Nehemiah and Me: 1, 2, 3

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I have something in common with Nehemiah, and I’d guess you do, too. Nehemiah who? Remember the faithful man who was cup-bearer to King Artaxerxes of Babylon, where the unfaithful Israelites had been taken as captives? The man who received the King’s permission to return to the land of his ancestors and rebuild the wall around Jerusalem? Still don’t remember? The Old Testament book of Nehemiah between Ezra and Esther? Oh, that Nehemiah!

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Like most of you, I’m a list-maker, penciling on paper scraps (or my planner) lists of groceries, errands, prayers, books to read . . .

Today’s to-do’s will become tomorrow’s recycling, but Nehemiah’s detailed lists have been preserved for over 2500 years.

He recorded lists of exiles who returned to Jerusalem after being in captivity. He counted their servants (7337), singers (245), horses (736), mules (245), camels (435), and donkeys (6720). He also kept track of donations (how much and from whom) of gold, silver, and garments.

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Although Nehemiah’s attention to detail amazes me, the list that has inspired me lately is his descriptive chronicle of those who rebuilt Jerusalem’s wall and gates. Although it isn’t in bullet points or enumerated “1, 2, 3,” he records the names of all who helped repair and rebuild the wall and its gates, in consecutive order starting and finishing with the Sheep Gate.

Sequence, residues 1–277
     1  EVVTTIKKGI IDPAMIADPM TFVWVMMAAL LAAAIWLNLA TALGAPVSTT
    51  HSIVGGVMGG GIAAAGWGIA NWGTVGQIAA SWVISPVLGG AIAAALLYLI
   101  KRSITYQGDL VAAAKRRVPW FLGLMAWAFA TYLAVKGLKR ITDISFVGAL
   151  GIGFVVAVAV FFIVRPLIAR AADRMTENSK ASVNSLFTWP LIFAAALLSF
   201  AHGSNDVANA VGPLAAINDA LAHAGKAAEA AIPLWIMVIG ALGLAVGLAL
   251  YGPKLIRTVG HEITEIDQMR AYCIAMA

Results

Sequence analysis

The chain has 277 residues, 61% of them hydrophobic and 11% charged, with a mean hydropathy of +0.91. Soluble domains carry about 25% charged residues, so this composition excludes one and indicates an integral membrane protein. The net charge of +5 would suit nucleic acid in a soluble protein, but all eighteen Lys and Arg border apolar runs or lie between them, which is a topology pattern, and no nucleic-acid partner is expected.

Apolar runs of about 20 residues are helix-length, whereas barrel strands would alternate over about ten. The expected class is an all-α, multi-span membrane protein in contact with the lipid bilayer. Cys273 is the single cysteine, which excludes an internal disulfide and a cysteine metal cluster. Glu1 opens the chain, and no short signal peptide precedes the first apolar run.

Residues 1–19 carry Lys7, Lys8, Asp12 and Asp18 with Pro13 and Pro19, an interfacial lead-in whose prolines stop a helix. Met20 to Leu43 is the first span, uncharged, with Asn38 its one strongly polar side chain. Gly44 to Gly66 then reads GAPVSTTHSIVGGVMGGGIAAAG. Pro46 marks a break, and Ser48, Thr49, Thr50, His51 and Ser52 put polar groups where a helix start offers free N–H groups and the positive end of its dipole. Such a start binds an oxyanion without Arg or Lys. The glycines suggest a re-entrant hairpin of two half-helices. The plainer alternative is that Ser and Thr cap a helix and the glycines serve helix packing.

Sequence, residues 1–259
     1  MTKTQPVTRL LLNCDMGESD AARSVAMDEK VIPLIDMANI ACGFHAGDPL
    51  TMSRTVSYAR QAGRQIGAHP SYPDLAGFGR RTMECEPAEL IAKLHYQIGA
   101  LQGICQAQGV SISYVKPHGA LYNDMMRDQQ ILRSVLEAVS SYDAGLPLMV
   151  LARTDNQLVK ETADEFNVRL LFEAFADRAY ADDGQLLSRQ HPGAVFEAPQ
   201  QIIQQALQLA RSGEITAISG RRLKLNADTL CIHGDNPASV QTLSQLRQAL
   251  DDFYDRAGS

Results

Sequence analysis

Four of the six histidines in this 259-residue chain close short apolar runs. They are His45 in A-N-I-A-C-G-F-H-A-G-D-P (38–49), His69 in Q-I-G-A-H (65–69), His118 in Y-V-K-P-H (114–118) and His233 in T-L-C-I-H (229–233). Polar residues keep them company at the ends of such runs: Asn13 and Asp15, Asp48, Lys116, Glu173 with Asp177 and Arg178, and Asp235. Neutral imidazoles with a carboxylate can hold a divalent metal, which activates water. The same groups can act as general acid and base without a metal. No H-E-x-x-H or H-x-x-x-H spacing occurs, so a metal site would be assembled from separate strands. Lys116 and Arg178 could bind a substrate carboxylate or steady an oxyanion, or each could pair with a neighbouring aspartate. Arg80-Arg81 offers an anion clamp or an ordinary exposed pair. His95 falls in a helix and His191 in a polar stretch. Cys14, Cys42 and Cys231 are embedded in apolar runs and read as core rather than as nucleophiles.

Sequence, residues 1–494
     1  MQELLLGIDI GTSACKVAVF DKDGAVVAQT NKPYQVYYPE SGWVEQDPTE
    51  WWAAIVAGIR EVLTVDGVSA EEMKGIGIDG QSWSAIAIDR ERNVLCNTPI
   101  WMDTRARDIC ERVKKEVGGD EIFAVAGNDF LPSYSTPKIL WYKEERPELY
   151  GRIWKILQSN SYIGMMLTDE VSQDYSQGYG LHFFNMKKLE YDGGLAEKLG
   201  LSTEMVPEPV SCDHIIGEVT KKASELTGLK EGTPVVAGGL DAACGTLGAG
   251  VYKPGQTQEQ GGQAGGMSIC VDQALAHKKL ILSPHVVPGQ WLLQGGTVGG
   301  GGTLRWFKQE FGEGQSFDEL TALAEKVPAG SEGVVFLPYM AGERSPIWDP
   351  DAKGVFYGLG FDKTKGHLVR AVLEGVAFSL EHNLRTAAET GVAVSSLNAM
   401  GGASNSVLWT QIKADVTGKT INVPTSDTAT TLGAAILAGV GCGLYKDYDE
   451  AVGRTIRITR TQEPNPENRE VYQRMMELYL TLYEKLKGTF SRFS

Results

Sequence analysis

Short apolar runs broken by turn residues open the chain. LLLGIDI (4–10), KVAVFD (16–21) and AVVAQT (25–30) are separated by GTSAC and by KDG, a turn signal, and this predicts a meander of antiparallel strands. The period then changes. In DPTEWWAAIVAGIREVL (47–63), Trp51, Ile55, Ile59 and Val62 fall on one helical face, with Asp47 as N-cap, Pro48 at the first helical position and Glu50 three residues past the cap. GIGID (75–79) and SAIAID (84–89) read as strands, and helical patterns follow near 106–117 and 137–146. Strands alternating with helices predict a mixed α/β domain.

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Nehemiah lists the high priest and fellow priests, rulers, goldsmiths, perfume makers, merchants, men from small towns, and a few women. Some worked on a small section of wall by their home. Some rebuilt 500 yards. Regardless of class, occupation, or gender, people worked together to finish the wall in a remarkable 52 days. There were a few exceptions, and their names are missing from the list.

The next section was repaired by the men of Tekoa, but their nobles would not put their shoulders to the work under their supervisors.   Nehemiah 3:5   NIV

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Every person repairing the wall of Jerusalem was needed and wanted. Every stone and brick fit together to make the whole: small stones, large stones, corner stones, capstones; gates done elaborately and gates constructed with only utility in mind. The only bad stone would be no stone at all.

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It is a picture of the church today, where each of us has a function. How sad that the noblemen of Tekoa thought they were above manual labor!

Now you are the body of Christ, and each one of you is a part of it.   I Cor. 12:27   NIV

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Therefore encourage one another and build each other up, just as in fact you are doing.  I Thess. 5:11   NIV

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Few of us will be sought-after pastors or in-demand speakers or best-selling authors. We all want to feel special and unique–and we are–but there is a great need for hundreds and thousands of seemingly similar bricks and stones. There is a great need for good mothers and fathers, good workers, good husbands and wives, good friends. We can serve our local body and our communities in so many simple ways.